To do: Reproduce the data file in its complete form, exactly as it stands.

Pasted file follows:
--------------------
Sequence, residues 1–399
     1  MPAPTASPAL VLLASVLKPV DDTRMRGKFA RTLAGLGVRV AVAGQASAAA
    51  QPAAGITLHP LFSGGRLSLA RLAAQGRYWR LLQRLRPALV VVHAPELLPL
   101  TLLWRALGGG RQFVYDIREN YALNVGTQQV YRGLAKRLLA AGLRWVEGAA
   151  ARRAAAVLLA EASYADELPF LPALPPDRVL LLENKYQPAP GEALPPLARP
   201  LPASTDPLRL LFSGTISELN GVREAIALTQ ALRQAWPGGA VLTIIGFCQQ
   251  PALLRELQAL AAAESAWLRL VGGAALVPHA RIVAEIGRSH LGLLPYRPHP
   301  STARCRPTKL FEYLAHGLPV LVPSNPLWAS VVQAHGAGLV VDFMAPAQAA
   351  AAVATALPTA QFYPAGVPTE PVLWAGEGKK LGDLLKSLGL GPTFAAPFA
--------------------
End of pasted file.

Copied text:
Sequence, residues 1–399
     1  MPAPTASPAL VLLASVLKPV DDTRMRGKFA RTLAGLGVRV AVAGQASAAA
    51  QPAAGITLHP LFSGGRLSLA RLAAQGRYWR LLQRLRPALV VVHAPELLPL
   101  TLLWRALGGG RQFVYDIREN YALNVGTQQV YRGLAKRLLA AGLRWVEGAA
   151  ARRAAAVLLA EASYADELPF LPALPPDRVL LLENKYQPAP GEALPPLARP
   201  LPASTDPLRL LFSGTISELN GVREAIALTQ ALRQAWPGGA VLTIIGFCQQ
   251  PALLRELQAL AAAESAWLRL VGGAALVPHA RIVAEIGRSH LGLLPYRPHP
   301  STARCRPTKL FEYLAHGLPV LVPSNPLWAS VVQAHGAGLV VDFMAPAQAA
   351  AAVATALPTA QFYPAGVPTE PVLWAGEGKK LGDLLKSLGL GPTFAAPFA